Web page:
“The Analytical Engine weaves algebraic patterns, just as the Jacquard loom weaves flowers and leaves.”

We have taken Ada Lovelace’s words as an inspiration to merge humanities and technology, in a team coming from six European countries. We have been working during three years to protect and disseminate silk heritage, weaving a net among academia, computing, arts and crafts, design, and creative industries.

Conferences, exhibitions, fashion catwalkstraining and capacity building programs, publications, all around silk heritage, have contributed to illuminate its important past, and its promising future.

In addition to that, we have created some digital tools

We have worked to create a unique resource, a thesaurus about silk in four languages, including one thousand words. It is based on many sources from across Europe,so that experts, museums, and just about anyone can delve deep into this knowledge.

Looking carefully at historical techniques, we have produced a digital memory tool, the Virtual Loom, that is able to weave on screen like a Jacquard loom does, giving the creative industries a chance for experimentation and business.

We have integrated the information from many museums bringing together data about thousands of objects around the globe locating them in time and space, giving everyone access to this hidden but precious heritage.

In short, we continue to weave the past into our future. Do you want to join us?

Related news:

From Museum documentation to digital data curation. Challenges and opportunities for open access.

Cultural heritage organizations produce a vast quantity of heterogeneous datasets which are often held inside their walls and are not open to the public. Even when they are, sometimes they are not easily accessible, for technological and organizational reasons. This has led to the loss of information essential both for the general audience and researchers. The problem gets worse when dealing with textile collections that require a high specialization to document and conserve them.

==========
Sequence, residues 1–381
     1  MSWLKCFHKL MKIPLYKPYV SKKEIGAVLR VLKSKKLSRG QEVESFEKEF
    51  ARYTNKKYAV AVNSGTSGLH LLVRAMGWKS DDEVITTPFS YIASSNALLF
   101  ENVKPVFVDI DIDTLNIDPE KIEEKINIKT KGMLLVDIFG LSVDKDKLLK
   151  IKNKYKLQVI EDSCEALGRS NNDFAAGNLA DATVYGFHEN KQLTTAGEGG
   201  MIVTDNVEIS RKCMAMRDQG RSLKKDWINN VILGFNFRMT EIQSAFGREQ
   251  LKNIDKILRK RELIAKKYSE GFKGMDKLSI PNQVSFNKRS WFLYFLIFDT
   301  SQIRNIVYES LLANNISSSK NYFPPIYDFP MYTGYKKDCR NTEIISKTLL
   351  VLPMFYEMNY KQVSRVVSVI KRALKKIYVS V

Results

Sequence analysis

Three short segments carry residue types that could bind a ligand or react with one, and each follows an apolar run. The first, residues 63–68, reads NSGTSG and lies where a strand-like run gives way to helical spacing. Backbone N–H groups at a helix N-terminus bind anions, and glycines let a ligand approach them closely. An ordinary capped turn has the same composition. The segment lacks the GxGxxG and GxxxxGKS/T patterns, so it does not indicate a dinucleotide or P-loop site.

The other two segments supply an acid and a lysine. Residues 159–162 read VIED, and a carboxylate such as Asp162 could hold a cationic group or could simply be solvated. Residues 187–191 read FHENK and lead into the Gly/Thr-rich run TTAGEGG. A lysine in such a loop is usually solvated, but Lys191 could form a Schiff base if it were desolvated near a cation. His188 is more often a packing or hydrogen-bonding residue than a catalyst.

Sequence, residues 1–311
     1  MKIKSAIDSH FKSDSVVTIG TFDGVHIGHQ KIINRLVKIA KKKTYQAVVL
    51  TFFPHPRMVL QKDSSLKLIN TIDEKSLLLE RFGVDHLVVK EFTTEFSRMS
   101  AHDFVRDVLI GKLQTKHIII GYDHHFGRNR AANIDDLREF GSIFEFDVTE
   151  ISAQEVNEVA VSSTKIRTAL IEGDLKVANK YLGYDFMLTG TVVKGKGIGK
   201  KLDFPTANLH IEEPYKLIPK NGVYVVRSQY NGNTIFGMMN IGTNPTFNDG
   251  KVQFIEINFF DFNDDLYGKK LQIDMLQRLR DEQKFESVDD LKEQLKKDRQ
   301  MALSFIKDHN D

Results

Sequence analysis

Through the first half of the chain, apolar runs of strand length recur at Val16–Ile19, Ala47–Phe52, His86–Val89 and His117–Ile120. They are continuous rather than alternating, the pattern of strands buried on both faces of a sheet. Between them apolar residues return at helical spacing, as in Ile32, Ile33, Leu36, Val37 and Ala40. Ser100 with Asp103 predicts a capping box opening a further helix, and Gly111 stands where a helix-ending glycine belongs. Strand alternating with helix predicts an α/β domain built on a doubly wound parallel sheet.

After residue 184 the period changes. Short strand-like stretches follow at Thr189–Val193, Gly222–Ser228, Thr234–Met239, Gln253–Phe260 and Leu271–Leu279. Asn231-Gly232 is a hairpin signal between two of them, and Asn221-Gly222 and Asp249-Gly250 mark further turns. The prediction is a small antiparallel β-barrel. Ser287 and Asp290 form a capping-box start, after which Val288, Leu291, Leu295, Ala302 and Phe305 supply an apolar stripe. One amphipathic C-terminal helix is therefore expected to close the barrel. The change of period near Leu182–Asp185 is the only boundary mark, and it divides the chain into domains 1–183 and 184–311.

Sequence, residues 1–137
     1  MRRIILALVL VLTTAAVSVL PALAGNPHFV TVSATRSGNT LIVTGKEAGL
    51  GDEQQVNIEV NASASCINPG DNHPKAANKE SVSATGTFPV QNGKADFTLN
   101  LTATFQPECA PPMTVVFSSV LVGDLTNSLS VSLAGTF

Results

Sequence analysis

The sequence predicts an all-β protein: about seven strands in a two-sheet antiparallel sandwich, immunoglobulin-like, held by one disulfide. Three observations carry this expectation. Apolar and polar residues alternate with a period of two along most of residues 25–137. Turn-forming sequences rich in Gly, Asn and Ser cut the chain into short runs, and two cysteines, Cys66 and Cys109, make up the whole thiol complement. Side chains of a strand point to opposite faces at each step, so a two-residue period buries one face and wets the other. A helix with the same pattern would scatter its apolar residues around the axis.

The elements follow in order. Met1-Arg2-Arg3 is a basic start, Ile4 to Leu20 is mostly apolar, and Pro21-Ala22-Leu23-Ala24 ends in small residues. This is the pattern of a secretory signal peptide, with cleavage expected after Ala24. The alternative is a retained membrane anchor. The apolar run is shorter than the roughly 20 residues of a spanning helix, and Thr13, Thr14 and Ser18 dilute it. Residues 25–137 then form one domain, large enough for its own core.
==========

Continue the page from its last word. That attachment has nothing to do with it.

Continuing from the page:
SILKNOW aimed to provide answers for some of these challenges, thanks to digital tools and approaches, combined with scholarly expertise (from silk specialists, art historians and historians, textile engineers…). One of its goals was to provide methods and best practices for heritage institutions that want to take their textile collections into the information and knowledge society. It pays particular attention to institutions that lack the technical resources and staff to venture into ICT and research.

Three workshops were held where the ultimate goal is to develop together a document of good practices in textile conservation.

The first workshop was held on 15th February 2021. It was attended by 13 professionals specialized in textile collections, some of them coming from 8 Spanish museums, such as:

The second workshop was held on 25th February and was carried out in Italian. It gathered representatives from 9 small museums, all of them belonging to Catholic dioceses: 

The third workshop was held on the 6th April, and gathered participants from Europe, America and Asia. The 15 attendees included representatives from 9 museums and one EU-funded research project, plus 2 independent scholars, including:

SILKNOW partners with ICCROM

SILKNOW is partnering with ICCROM, the IInternational Centre for the Study of the Preservation and Restoration of Cultural Property, to participate in the Our Collections Matter programme.